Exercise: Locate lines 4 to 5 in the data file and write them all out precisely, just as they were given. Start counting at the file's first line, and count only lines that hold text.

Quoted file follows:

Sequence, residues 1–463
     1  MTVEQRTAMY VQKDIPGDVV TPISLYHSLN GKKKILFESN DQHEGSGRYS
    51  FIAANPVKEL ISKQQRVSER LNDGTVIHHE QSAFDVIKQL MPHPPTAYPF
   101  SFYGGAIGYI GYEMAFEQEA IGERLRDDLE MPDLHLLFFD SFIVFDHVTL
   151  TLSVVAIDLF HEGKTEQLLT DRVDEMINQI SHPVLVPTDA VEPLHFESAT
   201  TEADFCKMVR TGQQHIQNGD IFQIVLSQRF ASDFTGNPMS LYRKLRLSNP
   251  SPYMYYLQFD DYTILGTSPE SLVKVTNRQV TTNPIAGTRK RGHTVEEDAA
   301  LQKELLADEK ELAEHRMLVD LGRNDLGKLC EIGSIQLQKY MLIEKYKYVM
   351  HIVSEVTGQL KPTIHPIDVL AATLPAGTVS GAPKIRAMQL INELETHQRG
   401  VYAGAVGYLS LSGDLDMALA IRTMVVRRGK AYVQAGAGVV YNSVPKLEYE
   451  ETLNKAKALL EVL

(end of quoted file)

   101  SFYGGAIGYI GYEMAFEQEA IGERLRDDLE MPDLHLLFFD SFIVFDHVTL
   151  TLSVVAIDLF HEGKTEQLLT DRVDEMINQI SHPVLVPTDA VEPLHFESAT